Lessons From Saint Augustine
By Brother Thomas Augustine, MICM
The lessons Saint Augustine left us are contained in sermons, books, and actions, that would exhaust a life time of study. However, the universal lesson for all is that happiness and peace cannot be found outside of God and His Divine plan for each and every one of us.
Having spent three decades seeking enjoyment in worldly pleasures, vain honors, and sin of every kind, Augustine found nothing but disappointment and sorrow which taunted his conscience no end. Nevertheless, In his agonizing wonderings, he did not fall into despair or become suicidal—as we see so often today—but was spurred on to continue his search.
At the age of 33 he finally found the truth and exclaimed in his Confessions, “Thou hast made us for thyself, O Lord, and our hearts are restless until they rest in Thee.” Human nature has not changed over the centuries. We have the same longings for eternal happiness that has been instilled in us by God and which He alone can satisfy.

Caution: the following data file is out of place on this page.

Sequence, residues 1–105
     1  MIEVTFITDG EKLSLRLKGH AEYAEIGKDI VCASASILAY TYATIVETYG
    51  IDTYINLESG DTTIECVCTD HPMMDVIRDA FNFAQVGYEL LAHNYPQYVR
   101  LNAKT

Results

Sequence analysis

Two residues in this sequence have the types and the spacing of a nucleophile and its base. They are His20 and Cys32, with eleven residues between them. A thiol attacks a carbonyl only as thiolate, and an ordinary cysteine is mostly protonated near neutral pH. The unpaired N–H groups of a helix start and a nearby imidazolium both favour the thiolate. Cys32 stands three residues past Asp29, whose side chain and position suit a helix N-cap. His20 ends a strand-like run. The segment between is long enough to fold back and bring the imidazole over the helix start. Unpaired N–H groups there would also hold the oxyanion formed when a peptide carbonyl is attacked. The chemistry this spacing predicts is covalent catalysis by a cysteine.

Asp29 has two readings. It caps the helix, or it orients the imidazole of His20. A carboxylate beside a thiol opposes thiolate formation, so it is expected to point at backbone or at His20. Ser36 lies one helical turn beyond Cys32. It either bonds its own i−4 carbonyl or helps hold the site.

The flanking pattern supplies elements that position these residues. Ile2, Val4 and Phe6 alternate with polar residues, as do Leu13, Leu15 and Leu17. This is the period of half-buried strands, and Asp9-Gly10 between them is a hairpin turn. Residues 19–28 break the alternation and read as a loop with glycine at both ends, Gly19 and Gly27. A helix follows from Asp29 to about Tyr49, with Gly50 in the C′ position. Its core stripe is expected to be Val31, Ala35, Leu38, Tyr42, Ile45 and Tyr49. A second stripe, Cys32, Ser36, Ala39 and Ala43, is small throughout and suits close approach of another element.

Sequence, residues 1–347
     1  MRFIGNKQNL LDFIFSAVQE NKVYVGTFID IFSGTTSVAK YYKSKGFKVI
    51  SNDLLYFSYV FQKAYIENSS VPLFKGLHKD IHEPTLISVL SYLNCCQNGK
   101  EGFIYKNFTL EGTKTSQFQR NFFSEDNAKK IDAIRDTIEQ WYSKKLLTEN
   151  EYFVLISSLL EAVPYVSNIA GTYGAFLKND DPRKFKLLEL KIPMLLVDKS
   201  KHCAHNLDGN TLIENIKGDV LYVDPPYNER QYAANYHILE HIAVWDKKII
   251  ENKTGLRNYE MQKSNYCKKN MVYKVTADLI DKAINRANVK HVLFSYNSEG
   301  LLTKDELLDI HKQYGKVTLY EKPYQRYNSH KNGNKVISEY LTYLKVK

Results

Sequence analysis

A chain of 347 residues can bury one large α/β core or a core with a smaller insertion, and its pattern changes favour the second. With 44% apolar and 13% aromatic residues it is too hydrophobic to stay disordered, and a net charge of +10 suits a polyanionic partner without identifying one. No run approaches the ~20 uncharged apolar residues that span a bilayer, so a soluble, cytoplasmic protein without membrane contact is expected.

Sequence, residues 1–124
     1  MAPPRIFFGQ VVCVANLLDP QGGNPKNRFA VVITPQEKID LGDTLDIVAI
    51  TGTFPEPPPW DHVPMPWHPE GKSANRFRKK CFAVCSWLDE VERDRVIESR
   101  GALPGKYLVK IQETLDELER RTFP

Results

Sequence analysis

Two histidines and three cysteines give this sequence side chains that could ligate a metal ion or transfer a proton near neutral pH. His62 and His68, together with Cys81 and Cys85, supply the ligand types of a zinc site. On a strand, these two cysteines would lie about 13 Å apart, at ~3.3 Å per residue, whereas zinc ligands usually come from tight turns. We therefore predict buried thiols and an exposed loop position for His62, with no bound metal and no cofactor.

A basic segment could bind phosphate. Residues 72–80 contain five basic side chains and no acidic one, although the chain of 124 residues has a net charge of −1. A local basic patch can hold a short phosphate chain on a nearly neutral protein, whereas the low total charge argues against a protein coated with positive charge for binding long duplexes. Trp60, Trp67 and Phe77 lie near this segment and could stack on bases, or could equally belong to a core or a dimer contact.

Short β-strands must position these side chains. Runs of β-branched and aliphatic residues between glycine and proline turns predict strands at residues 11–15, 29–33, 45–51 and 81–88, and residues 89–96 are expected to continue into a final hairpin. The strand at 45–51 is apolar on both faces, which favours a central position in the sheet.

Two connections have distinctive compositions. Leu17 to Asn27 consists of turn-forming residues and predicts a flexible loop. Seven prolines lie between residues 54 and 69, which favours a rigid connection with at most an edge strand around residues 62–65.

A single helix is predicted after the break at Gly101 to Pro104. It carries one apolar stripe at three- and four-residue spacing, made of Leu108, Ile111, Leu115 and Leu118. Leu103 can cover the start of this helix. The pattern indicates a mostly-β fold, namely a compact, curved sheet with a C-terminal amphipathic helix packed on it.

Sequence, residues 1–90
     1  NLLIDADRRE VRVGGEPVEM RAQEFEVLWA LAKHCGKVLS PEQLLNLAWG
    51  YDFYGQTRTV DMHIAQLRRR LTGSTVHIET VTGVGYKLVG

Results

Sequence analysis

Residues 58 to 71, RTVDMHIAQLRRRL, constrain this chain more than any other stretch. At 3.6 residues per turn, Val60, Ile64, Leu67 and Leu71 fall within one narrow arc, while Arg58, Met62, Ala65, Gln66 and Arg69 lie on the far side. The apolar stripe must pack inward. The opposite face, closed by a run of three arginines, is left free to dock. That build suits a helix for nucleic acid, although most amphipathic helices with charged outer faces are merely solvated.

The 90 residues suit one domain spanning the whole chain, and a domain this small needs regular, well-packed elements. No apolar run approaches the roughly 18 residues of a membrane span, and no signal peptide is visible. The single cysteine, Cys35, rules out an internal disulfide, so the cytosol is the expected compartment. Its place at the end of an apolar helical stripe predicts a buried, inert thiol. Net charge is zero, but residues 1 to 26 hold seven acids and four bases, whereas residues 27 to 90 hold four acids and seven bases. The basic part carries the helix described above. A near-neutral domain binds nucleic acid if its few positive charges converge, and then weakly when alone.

Another monumental lesson that leaps out in the life of Saint Augustine is that conversion and Baptism bring about a truly new life with undreamed-of possibilities. Augustine went on to become a priest, bishop, saint, and one of the greatest theologians of the Catholic Church. He is also greatly responsible for how the mind of Western man thinks of the world around him.
He is called “Doctor of Grace” because he zealously explained that all the good we do is done by the grace of God. He credits the grace of his conversion to the constant prayers of his loving mother, Saint Monica, thereby giving a prime lesson of the efficacy and importance of persevering prayer. She asked for his conversion but God gave her so much more. Her mission complete, God took her nine days after Augustine’s Baptism. Her last words were, “Remember me at the altar.”
Of Saint Monica he speaks, “Chiefly my mother, to whom I believe, I owe all which in me is life… and that by the daily tears of my mother, I was granted that I should not perish.” And in another place he addresses her, “You, through whose prayers I undoubtedly believe and affirm, that God gave me that mind that I should prefer nothing to the discovery of truth, wish, think of, love naught besides. Nor do I fail to believe, that this so great good, which through thee I have come to desire, through thy prayers I shall attain.”